Fine Art Restoration and The Curious Case of A Leyster Forgery

Sometimes the beauty of the art is found in the eye of the observer and sometimes the true story is hidden within it. Such is the case of Judith Leyster’s The Jolly Companions (Carousing Couple). Here is how fine art restoration reinvigorated the art world in 1892 and revealed a tale of a lord’s deceit and forgery.

Why Is Judith Leyster A Renowned Artist?

As a Dutch artist, Leyster was one of the first women to join the Haarlem Painters’ Guild in 1633. As it was when women could not legally hold public office, her art is thought to be an early reflection of feminism. Her easy brushstrokes and casual quirks also vividly capture the ordinary locals’ merrymaking.

Of course, some art critics called her work nothing but displays of feminine weakness and copycats of Frans Hals, which is what started the legal debacle, to begin with. Women did not join guilds or display unladylike traits in art. Hals could and did, so it must have been a shock to discover JL was a woman.

The Curious Case Of The Judith Leyster Forgery

In 1892, the Louvre purchased what it thought was a piece by Frans Hals, a leading painter at the Haarlem Guild. As Leyster went on to marry and have five children, her works likely were lost to history. The Louvre, however, restored it and discovered a star and initials, her signature for the paintings she made.

This discovery led to a famous lawsuit in which the Louvre accused the previous owner of adding Frans Hals name over Leyster’s unique monogram. The Jolly Companions (AKA Carousing Couple) was sold to Sir Luke Schaud who resold it to London’s Wertheimer of Bond Street for $4500 ($134,355.16).

The art piece was then authenticated by Sir John Millars. The art dealer then sold the oil painting to a firm that then sold it in Paris to Baron Schlichting. The buyer was unsure of who forged it as a Hans painting, so he filed a court case in England and later settled in 1893 for $4000 (75% valuation and his court fees).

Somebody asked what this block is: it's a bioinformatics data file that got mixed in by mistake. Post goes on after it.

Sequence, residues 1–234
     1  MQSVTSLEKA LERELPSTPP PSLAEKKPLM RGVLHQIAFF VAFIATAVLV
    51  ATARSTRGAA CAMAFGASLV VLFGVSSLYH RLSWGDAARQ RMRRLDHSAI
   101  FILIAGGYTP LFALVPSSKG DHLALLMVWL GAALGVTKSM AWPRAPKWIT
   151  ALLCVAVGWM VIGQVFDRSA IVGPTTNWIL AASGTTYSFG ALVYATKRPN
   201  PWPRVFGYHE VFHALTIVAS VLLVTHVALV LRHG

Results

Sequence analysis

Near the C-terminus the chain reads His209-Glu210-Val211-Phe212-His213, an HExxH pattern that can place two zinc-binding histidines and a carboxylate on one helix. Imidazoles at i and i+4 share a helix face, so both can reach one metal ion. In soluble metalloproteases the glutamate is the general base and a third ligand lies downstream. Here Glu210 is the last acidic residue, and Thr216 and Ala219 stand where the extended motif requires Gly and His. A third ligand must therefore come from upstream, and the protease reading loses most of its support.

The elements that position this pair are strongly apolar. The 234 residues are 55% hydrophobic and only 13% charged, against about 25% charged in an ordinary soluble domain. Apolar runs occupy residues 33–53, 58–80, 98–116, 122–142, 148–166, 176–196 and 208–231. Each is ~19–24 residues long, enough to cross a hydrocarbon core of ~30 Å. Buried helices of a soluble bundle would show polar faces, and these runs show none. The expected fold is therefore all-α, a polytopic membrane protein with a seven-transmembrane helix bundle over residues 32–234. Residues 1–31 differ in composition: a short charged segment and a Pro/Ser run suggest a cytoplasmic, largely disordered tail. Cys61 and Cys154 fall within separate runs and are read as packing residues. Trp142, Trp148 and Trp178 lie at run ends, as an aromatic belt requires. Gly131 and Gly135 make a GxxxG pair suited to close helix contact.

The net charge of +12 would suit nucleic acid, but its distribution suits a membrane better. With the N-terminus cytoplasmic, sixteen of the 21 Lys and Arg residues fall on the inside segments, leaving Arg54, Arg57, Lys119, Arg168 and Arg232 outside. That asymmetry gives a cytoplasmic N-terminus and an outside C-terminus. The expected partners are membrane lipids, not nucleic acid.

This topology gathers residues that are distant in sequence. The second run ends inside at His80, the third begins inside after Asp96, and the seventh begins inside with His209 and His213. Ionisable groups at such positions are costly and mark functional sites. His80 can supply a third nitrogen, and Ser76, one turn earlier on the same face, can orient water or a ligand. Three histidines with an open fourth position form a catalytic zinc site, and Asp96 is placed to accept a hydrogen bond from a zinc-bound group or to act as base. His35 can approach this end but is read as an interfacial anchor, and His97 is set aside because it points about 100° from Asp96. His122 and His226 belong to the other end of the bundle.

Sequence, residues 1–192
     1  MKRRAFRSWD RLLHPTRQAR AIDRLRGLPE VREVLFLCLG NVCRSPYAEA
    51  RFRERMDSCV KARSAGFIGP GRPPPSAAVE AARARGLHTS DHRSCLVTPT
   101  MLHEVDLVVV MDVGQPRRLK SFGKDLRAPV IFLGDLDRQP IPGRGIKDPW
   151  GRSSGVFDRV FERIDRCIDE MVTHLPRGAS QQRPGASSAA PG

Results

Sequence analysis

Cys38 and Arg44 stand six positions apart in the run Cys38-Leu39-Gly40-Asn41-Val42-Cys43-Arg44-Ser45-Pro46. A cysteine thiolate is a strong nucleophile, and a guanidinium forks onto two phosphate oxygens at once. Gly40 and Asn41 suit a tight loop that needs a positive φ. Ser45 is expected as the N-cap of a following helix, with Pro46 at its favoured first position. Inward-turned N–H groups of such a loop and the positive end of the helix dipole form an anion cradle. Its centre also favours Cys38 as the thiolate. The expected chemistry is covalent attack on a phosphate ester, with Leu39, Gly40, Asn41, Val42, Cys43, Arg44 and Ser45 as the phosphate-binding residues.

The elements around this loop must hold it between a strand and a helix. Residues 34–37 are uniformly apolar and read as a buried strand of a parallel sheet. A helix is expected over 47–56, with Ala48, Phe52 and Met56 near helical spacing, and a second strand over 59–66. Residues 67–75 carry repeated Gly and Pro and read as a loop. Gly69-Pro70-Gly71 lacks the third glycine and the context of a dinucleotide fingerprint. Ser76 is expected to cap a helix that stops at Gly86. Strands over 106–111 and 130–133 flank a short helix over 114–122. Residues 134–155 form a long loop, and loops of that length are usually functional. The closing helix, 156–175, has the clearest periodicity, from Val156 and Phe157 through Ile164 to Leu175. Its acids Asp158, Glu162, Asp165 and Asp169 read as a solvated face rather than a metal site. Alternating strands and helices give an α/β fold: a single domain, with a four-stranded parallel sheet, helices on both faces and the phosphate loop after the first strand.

If not for the lordly court drama, the world would likely have never known Judith Leyster. The case prompted a Dutch historian to seek out her work. Cornelis Hofstede de Groot also wrote about her art in 1893 after seven of her oil paintings were found, in which six of them carried her signature monogram.

What would a great fine art restoration forgery scandal be without more falsification? Another The Jolly Companions popped up in Brussels in 1890. Her monogram had simply been distorted into an FH as the unknown forger also attributed it to Han’s work. His work was valuable, so in that lies the why of it all.

Why Do I Need Fine Art Restoration?

Although Leyster painted in the early 1600s, some of her oil paintings are still on the art market today. Because the materials like wood paneling ages, fine art restoration is a surety after four centuries. Such is the case for many period painters, which is why fire art restoration is needed to preserve their narratives.

We highly advise you to consult with our office about fine art restoration before buying art that needs work. Call us at 617-948-2577 or visit us on Facebook at